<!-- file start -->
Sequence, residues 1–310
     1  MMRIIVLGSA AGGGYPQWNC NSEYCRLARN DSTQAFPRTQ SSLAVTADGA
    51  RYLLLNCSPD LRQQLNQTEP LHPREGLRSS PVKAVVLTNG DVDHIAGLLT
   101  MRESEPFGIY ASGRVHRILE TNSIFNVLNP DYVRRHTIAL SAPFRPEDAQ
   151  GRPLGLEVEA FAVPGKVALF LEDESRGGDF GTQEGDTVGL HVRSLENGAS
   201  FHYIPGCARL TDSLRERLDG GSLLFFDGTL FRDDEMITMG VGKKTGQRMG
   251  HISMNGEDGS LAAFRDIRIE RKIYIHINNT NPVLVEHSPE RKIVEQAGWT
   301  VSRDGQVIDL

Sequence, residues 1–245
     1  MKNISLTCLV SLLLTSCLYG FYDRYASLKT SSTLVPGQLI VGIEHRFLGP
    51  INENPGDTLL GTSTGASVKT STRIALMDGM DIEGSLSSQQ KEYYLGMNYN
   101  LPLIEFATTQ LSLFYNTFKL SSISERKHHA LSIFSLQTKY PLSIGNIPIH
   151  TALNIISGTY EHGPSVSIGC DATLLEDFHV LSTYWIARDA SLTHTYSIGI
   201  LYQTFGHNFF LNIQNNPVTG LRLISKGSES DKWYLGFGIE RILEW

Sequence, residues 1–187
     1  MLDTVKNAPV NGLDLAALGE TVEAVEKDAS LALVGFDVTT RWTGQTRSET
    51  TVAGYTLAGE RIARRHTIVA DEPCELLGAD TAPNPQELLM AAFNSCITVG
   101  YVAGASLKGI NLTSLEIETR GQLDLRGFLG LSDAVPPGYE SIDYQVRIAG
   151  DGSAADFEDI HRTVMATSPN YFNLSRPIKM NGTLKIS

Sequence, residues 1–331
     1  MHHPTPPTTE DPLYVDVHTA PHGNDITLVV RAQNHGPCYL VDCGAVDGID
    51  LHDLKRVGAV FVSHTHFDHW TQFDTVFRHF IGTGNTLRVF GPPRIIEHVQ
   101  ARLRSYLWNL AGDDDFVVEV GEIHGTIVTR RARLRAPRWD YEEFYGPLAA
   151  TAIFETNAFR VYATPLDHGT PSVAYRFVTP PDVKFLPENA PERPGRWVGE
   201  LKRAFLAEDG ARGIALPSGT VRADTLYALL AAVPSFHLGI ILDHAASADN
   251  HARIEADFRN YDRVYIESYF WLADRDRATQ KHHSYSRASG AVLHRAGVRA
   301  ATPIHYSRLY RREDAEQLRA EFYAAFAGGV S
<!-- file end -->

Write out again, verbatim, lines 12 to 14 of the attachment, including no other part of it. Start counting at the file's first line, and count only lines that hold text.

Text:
   101  LPLIEFATTQ LSLFYNTFKL SSISERKHHA LSIFSLQTKY PLSIGNIPIH
   151  TALNIISGTY EHGPSVSIGC DATLLEDFHV LSTYWIARDA SLTHTYSIGI
   201  LYQTFGHNFF LNIQNNPVTG LRLISKGSES DKWYLGFGIE RILEW